Another turn on ‘E-mail is where knowledge goes to die’ and that blogs could solve the problem, but it’s not easy to ‘sell’ to managers (Andy, thanks for the pointer). And a very good comment by Tony Karrer:
I’ve seen a few other places that advocate this, BUT, how do you address the fact that email is relatively more of a push technology. In other words, in today’s corporate world, someone is more likely to read an email than an update to a web page.
Given my own blogging experiences I believe that this issue has to be taken seriously. There are a couple of reasons for that:
First, email serves many functions. Next to being a tool for communication, it could work reminder for to-dos, organiser of work and even turn into habitat at work (for those who want more – look at email management research and studies that touch email as part of personal information management research).
Suggesting that (part of) email communication should be replaced by blogging without taking into account those functions is likely to break existing personal information management practices of people. This could result in decreased personal productivity next to increased organisational productivity with questionable net gain.
Second, before we discuss increased organisational productivity as a result of (part of) personal email archives available on intranet we need to make sure that those bits will actually be found and used by others. And this is not that easy…
With email you have to deal with mainly with your own inbox. It’s already much of an email overload, since next to those really important ‘to do’ emails you are likely to have ‘FYI’ emails on things that might be interesting, ‘corporate spam’ (saw the term recently, don’t remember where) that you may not need at all, but someone in a company thinks that you need, personal emails and lots of other things. Or, using distinctions in my previous post, it includes things that don’t fit that are often difficult to process.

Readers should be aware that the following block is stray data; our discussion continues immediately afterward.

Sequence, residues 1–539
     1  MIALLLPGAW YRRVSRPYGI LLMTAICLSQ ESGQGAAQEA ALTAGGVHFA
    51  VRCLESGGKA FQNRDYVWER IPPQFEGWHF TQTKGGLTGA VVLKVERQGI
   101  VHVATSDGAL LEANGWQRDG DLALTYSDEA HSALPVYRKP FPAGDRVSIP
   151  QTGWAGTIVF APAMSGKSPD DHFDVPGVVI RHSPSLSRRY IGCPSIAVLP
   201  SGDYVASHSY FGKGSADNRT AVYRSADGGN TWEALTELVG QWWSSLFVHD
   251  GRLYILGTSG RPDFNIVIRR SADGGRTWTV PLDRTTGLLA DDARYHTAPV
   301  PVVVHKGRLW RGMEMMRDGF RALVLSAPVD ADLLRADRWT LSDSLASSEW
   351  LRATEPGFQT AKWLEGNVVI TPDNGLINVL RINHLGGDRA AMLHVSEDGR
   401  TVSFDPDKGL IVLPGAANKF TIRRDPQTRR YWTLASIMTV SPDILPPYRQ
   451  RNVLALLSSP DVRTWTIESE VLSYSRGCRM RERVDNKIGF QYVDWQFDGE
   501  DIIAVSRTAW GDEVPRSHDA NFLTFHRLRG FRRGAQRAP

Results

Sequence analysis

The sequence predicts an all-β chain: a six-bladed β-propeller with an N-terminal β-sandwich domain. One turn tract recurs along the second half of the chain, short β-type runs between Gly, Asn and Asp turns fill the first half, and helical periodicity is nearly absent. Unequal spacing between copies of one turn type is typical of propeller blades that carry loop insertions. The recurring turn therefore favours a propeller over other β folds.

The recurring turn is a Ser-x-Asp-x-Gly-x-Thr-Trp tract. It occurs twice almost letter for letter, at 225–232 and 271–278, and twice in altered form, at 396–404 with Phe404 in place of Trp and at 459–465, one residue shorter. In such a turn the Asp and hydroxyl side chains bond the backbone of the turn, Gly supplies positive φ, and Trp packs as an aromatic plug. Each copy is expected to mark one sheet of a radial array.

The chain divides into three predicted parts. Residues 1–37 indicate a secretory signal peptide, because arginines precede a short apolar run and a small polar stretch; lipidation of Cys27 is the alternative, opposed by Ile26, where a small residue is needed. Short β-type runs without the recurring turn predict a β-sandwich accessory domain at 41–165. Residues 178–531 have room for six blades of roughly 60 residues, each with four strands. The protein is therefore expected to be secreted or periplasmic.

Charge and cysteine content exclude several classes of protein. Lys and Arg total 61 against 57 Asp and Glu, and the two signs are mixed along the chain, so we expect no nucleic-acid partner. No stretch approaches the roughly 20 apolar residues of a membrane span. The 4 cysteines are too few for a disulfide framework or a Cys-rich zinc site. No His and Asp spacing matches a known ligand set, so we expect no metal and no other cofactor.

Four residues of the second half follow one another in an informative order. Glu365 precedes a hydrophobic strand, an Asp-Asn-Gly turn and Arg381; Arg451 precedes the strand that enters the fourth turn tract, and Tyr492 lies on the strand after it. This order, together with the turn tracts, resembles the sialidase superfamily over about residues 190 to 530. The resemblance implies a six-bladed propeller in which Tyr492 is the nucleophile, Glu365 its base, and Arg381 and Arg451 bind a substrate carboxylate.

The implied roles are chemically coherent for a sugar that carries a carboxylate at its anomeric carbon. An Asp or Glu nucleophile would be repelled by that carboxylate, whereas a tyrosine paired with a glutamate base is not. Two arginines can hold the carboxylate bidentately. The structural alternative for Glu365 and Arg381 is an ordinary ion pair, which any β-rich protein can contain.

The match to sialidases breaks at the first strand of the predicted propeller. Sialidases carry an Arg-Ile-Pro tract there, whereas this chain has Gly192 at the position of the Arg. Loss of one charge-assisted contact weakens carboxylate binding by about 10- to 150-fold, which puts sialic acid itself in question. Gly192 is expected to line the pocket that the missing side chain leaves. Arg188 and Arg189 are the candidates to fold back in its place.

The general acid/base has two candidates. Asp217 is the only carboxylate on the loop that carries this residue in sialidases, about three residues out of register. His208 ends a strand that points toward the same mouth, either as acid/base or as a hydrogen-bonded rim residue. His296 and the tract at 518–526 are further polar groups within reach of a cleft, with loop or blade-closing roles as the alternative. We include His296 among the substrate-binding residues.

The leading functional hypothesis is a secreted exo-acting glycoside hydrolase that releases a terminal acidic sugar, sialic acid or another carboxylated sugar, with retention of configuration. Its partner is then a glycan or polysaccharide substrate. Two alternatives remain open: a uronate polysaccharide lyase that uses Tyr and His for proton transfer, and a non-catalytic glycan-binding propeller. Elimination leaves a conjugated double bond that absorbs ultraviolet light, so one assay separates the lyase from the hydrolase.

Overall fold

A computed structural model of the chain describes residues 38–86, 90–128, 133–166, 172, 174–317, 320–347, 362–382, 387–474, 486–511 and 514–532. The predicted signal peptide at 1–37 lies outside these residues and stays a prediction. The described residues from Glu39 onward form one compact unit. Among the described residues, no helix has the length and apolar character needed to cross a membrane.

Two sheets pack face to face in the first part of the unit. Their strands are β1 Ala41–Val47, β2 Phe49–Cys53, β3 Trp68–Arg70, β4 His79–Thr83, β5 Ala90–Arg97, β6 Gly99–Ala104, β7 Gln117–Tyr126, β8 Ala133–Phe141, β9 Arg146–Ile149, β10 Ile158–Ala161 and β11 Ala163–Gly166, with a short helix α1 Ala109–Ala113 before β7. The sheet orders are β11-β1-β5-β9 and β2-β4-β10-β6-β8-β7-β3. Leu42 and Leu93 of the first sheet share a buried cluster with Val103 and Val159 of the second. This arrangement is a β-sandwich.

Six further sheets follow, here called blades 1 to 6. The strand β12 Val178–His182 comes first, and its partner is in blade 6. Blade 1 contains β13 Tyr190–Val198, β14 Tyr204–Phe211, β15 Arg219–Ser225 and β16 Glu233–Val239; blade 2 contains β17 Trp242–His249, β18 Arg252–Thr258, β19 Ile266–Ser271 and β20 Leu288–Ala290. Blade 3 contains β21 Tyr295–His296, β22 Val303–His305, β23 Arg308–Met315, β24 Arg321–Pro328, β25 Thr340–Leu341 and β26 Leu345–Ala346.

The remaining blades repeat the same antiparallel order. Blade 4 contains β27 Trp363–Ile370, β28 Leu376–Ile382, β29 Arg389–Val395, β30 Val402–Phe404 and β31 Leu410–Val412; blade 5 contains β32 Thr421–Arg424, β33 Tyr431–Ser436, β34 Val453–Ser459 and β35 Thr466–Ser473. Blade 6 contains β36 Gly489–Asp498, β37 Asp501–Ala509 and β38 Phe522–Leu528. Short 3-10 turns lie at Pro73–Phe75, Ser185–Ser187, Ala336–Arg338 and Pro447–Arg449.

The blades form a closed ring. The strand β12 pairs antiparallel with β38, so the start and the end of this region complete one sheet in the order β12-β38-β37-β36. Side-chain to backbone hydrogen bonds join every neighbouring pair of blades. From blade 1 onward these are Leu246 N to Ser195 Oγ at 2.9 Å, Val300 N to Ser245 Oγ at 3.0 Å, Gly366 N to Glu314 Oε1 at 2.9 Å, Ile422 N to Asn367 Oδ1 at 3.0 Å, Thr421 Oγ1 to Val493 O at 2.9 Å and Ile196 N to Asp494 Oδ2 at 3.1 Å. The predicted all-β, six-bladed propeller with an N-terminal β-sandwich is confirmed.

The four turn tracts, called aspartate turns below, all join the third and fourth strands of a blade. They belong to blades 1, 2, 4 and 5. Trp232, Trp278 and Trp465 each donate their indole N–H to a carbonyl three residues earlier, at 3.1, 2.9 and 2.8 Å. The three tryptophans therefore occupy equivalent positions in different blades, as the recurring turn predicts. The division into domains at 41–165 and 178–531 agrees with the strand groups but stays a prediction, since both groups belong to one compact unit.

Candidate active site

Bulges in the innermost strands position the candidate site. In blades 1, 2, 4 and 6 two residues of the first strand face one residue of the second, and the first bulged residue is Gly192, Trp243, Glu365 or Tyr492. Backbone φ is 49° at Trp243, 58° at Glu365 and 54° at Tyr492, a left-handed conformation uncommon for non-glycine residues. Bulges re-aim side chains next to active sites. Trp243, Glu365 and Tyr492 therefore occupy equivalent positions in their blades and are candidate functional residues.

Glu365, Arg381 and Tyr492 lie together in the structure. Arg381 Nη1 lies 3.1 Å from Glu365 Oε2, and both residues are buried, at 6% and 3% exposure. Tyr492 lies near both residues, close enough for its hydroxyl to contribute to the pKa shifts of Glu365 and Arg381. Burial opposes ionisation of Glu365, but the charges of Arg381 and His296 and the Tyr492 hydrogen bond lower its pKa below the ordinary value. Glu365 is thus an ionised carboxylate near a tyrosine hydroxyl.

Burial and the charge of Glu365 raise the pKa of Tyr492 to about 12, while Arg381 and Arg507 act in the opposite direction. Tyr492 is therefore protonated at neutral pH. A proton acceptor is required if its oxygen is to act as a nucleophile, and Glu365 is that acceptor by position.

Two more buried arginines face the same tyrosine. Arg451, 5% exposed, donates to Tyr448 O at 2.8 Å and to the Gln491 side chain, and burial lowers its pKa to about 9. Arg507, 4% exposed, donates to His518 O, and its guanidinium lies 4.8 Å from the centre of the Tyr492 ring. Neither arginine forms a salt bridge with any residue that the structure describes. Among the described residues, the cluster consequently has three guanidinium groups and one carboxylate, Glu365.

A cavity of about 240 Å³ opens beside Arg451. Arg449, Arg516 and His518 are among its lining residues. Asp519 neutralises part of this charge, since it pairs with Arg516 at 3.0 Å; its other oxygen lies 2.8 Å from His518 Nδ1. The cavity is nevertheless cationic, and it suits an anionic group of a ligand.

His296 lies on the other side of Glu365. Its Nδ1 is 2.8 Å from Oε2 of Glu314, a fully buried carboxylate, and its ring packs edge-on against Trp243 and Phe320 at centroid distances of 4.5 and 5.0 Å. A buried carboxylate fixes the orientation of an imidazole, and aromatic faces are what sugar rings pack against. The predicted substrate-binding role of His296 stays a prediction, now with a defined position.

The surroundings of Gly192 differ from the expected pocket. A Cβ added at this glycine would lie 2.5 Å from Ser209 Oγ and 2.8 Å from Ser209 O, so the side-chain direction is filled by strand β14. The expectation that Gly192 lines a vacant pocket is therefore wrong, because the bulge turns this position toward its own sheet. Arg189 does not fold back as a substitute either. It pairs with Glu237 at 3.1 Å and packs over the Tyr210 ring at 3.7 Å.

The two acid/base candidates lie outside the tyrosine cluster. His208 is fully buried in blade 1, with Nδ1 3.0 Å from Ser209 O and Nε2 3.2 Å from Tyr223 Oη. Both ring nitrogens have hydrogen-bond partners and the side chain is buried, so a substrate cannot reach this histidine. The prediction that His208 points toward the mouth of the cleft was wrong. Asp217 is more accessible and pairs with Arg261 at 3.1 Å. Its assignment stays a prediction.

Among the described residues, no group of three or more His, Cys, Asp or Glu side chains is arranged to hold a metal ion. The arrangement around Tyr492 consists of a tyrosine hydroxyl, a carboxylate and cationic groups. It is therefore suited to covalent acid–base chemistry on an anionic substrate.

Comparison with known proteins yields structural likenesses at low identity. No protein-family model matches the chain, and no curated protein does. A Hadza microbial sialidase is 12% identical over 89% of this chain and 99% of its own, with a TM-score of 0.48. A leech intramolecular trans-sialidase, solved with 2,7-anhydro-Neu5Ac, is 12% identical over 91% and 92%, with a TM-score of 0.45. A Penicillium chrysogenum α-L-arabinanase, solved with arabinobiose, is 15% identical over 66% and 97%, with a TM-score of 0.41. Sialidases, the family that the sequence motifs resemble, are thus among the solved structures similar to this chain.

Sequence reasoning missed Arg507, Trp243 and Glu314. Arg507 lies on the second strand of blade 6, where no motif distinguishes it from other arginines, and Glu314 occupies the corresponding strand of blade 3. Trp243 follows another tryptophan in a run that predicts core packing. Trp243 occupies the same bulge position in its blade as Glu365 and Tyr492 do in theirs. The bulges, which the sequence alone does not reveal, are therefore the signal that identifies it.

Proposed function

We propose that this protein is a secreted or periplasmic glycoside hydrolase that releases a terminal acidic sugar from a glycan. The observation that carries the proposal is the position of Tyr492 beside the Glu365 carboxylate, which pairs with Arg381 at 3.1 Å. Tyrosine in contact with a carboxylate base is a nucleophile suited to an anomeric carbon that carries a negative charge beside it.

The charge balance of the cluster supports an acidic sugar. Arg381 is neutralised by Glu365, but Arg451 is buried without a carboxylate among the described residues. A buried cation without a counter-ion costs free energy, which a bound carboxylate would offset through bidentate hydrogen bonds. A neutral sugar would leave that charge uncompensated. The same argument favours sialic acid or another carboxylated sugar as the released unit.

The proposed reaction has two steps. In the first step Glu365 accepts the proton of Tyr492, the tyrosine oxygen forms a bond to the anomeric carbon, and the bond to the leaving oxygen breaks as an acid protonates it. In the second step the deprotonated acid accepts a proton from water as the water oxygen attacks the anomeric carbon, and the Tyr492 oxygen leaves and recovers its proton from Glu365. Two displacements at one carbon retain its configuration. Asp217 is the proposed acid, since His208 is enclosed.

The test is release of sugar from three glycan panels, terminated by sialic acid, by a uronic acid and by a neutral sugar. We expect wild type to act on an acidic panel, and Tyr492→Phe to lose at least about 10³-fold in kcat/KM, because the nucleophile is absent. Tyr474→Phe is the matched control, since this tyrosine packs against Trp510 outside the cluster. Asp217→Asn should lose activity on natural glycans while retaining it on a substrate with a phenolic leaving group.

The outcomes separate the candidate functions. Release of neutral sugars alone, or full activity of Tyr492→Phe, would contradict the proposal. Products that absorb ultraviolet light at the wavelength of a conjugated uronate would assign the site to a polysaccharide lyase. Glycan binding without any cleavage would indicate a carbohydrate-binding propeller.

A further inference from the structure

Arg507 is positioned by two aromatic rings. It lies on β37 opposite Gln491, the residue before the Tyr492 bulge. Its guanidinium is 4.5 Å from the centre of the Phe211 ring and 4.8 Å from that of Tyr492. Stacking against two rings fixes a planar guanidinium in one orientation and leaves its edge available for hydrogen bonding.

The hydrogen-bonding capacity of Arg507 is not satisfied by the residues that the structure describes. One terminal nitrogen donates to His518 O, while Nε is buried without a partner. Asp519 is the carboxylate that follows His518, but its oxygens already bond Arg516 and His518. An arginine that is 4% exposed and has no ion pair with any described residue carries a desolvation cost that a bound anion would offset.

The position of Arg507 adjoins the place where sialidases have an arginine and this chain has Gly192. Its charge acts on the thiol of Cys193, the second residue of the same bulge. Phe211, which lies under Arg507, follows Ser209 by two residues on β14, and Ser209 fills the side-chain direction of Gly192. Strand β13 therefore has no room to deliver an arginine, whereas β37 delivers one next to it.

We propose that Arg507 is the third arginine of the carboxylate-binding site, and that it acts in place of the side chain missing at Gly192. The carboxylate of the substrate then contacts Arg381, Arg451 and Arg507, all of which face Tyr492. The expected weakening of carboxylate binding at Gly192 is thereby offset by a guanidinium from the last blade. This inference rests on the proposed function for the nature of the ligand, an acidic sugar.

Now just imagine that next to your own mailbox you have access to mailboxes of others. The amount of things that don’t fit increases dramatically. The good side of it that it’s a source of unexpected insights, it’s searchable, it’s archived company-wide forever. The bad thing is that we are not equipped to deal with it.
Now to my personal example. When I started blogging I loved it. Reading others brought all those unexpected insights and relationships that improved my work dramatically. However, it also brought heavy information overload that I wasn’t prepared to deal with. Having many (more than I could ever imagine) bits of potentially useful insights with no immediate way to process them made me feeling stressed and lost. I am a bit better now, but it’s still not working well and I still envy Ton who not only wrote about need for new information processing strategies, but also figured out how those could work for himself (check his posts on filtering, tools and routines).
So, I’d suggest that before evangelising blogs as an alternative to email we should figure out how people in a company are going to process increased amounts of available and potentially useful information when it comes out from hidden email archives. Otherwise we risk of moving a big chunk of information from email that at least read to a company-wide intranet that many people learnt to ignore (unless that important document is announced by an email from CEO).
Tags: blogs in business, citedCh3, information overload, personal knowledge management
Archived version of this entry is available at http://blog.mathemagenic.com/2006/07/24.html#a1805; comments are here.